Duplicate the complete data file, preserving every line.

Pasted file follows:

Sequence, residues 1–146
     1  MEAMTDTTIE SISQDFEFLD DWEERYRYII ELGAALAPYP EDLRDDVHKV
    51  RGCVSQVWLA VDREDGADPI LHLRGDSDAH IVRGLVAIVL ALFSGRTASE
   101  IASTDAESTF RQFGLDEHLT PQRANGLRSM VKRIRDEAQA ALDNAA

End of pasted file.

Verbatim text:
Sequence, residues 1–146
     1  MEAMTDTTIE SISQDFEFLD DWEERYRYII ELGAALAPYP EDLRDDVHKV
    51  RGCVSQVWLA VDREDGADPI LHLRGDSDAH IVRGLVAIVL ALFSGRTASE
   101  IASTDAESTF RQFGLDEHLT PQRANGLRSM VKRIRDEAQA ALDNAA